Monday, October 8, 2012

Here is the story, "Countdown," as mentioned in the post dated September 24.  The story appears here in its original, unadulterated, and apparently incomprehensible form:

                Chelsea stood with the others in Times Square.  A hundred thousand people waited, perhaps more, their eyes fixed at the giant reader board.  A video feed showed the National Debt clock, from over on the Avenue of the Americas.  The numbers were running backwards.
                David had warned Chelsea, saying there would be too many people down there, worrying that something would happen.  But dammit, this was important, this was history.  Just because she and David lived together didn’t mean he owned her.  So as soon as he left for work, Chelsea had drifted to the Square, to wait with the others.  A whole section of New York was there.  Hot dog vendors, cabbies, students, old men and women, businessmen, cops, hookers – like at New Years Eve, all had gathered in the Square, effectively closing it down, all eyes concentrated on the evaporating debt.
                The numbers had grown to less than ten billion dollars by ten o’clock in the evening.  By ten minutes to midnight, it was under a billion.  A thrill of impending pandemonium ran through the crowd, like a great wave approaching a beach.   Like the compression of air before an onrushing train.  It was palpable.
                “This is it,” Chelsea said, to a complete stranger.  “This is really it.”
                “Yes,” the stranger said.
                When midnight approached, when the clock approached zero, everyone in the square began chanting the numbers, like the countdown to midnight on New Years’ Eve.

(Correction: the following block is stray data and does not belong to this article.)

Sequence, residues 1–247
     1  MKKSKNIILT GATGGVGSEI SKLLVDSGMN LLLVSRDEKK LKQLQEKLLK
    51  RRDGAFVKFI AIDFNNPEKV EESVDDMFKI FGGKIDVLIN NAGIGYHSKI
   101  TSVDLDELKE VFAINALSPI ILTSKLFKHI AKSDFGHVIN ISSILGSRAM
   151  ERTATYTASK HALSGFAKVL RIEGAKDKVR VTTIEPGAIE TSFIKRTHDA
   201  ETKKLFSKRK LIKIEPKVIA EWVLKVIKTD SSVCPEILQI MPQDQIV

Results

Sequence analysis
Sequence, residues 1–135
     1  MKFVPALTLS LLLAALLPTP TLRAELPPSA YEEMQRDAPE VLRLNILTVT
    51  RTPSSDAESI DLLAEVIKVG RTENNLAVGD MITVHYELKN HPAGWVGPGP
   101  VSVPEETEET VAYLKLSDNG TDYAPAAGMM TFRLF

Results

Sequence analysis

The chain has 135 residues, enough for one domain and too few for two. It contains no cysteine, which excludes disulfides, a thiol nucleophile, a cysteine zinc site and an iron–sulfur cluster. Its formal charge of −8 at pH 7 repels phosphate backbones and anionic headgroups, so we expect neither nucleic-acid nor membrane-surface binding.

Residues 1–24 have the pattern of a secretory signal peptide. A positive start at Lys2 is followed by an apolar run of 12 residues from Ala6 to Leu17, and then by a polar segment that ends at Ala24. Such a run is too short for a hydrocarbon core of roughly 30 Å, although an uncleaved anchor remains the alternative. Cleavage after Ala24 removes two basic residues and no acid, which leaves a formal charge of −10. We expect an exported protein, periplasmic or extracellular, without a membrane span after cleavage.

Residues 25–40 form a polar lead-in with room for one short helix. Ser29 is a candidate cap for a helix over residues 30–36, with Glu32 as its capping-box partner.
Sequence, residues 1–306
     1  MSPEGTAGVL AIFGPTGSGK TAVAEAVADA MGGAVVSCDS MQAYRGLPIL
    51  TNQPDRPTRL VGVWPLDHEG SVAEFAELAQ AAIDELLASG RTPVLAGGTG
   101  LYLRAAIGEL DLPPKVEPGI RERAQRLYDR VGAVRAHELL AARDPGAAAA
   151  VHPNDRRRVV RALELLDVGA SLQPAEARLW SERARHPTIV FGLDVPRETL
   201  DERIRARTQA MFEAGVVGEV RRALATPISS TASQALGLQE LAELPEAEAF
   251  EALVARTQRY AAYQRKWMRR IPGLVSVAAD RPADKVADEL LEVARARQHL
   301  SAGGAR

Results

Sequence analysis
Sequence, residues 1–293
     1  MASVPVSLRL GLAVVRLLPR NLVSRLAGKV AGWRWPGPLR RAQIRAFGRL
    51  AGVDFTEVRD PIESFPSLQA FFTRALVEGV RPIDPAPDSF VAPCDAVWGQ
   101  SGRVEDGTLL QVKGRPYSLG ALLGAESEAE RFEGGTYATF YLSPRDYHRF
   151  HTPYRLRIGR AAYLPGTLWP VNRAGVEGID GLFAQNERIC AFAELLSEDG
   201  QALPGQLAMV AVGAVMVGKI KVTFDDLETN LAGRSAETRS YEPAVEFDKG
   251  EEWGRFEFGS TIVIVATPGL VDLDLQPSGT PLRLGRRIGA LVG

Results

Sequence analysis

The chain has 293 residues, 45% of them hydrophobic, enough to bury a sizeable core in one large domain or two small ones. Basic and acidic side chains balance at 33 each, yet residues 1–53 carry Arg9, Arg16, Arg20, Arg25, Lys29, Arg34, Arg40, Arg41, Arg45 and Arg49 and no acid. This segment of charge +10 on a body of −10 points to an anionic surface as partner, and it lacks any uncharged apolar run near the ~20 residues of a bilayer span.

“Eleven million…. Ten million…. Nine million…. Eight million…. Seven million… “
                Then, it hit zero.
                Unbelievable, ecstatic joy.  Clapping, cheering, screaming, people blowing horns.  Ticker-tape drifting like snow onto the crowd.  Baseball caps, hats, and shirts thrown into the air.  Everyone singing, everyone dancing.  Someone Chelsea didn’t even know grabbed her and kissed her.  Chelsea didn’t mind.  She jumped up and down, up and down, united with everyone in one common event, a complete orgasm of joy and happiness.
                “We’re free,” she shouted as she jumped, taking up the chant that had started in the crowd.  “Free!  Freeeeee!”
                Then, the sudden loud bang at one end of the square.  Something was happening on West 48th street.  Chelsea thought someone had lit a very big firecracker, but suddenly there was an answering bang in the opposite direction, much louder.  A huge cloud of smoke began to rise over 7th Avenue.
                There was another noise along with the cheering, which sounded like screams.  A wave of something shivered through the crowd, a queer hush, reaching to where Chelsea stood.  People around her stopped cheering, and started looking at either end of the square, blinking their eyes as realization slowly dawned that something was wrong.
                More bangs, and Chelsea saw the tail-tell chaotic flight of teargas canisters bouncing over the heads of the crowd.  Behind the teargas was a line of men in uniforms.  And behind them, inching their way up 7th Avenue, were a line of tanks.  More and more faces turned.
                The men in uniform started to fire into the crowd.
                At once, the crowd began to move.  Chelsea felt herself pressed by bodies, feet began to scuffle as everyone began to move from the violence.  There was no room, everyone pressing away.  Chelsea found herself struggling to stay on her feet.
                There were more men with guns, more tanks moving into the square, from 47th Street, from 46th Street, both ends of 7th Avenue, and from Broadway.  Every route in and out of the Square was occupied.  Tremendous clouds of teargas rose over the crowd, and the rat-tatat of automatic weapons fire became constant, the hundreds and hundreds of troops firing directly into the crowd.